Friday, April 24, 2015

Will Triple Play Service Revenue Drop 50% Over the Next Decade?

People who aren’t in the telecom business rarely understand just how much change, and how many challenges, service providers and their suppliers have had to face over the last several decades.

Since the 1980s the global industry has survived a fundamental shift from monopoly to competition; state-owned enterprises to private entities; the end of all communication monopolies; the rise of the Internet as an increasingly full-fledged competitor or enabler of full competition; steadily-decreasing profit margins and yet a huge extension of teledensity to embrace nearly everyone on the planet.

And yet the next decade will bring additional challenges of a profound nature. To point to the obvious growing tension today’s foundation strategy for fixed network services--the triple play--is itself coming under attack, because there are substitutes.

Google says a fixed network must sell both high speed access and linear video to be viable. Telcos and cable TV companies rely on the triple play.

But it will not last.

For more than a decade, the triple play has been the key retail strategy in the fixed network access market.

But every constituent service fundamental for the triple play now faces growing substitute products.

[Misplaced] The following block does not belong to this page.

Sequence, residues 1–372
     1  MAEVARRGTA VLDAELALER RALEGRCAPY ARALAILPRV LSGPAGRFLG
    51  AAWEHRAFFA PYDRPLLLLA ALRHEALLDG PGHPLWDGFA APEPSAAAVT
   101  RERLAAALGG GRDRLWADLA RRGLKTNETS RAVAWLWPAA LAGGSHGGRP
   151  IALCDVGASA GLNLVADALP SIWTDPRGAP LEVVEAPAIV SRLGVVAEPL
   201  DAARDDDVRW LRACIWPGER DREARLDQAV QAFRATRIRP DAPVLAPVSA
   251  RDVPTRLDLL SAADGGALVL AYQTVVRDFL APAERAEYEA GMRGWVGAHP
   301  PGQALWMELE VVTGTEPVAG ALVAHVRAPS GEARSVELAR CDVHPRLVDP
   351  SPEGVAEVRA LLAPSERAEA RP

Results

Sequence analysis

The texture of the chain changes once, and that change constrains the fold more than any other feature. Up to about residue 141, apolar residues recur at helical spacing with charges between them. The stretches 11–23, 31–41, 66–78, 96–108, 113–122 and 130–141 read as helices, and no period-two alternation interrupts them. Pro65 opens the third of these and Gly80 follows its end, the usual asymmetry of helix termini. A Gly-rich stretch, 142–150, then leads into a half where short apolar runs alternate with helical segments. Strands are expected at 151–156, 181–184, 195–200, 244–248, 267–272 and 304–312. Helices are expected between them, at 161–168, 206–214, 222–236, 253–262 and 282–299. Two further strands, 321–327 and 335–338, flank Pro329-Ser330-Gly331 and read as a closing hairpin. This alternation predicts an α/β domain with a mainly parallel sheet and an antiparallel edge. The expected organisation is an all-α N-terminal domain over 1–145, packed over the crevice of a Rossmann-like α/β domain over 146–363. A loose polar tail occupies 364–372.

In other words, the fixed network revenue business model is going to face additional and fundamental challenges to the bulk of its current revenue.

Voice already is challenged by over the top messaging, VoIP, and mostly mobile substitution. Linear video faces disruption from Netflix and many other streaming video services.

And though high speed access is the newest service in the bundle, and arguably has proven most resistant to substitution, fifth generation mobile networks promise bandwidth available to every user or device of 1 Gbps to 10 Gbps, with latency of one millisecond.

As a rule of thumb, access providers since about 1977 have had to replace about half their present revenue streams every 10 years. It doesn’t seem as though that is about to change.

Voice already has been cannibalized; video certainly will face major substitution within five years, and then 5G will hit sometime after 2020.

It’s going to be another challenging and exciting decade, as access providers create or discover revenues equal to about half all their present revenue.

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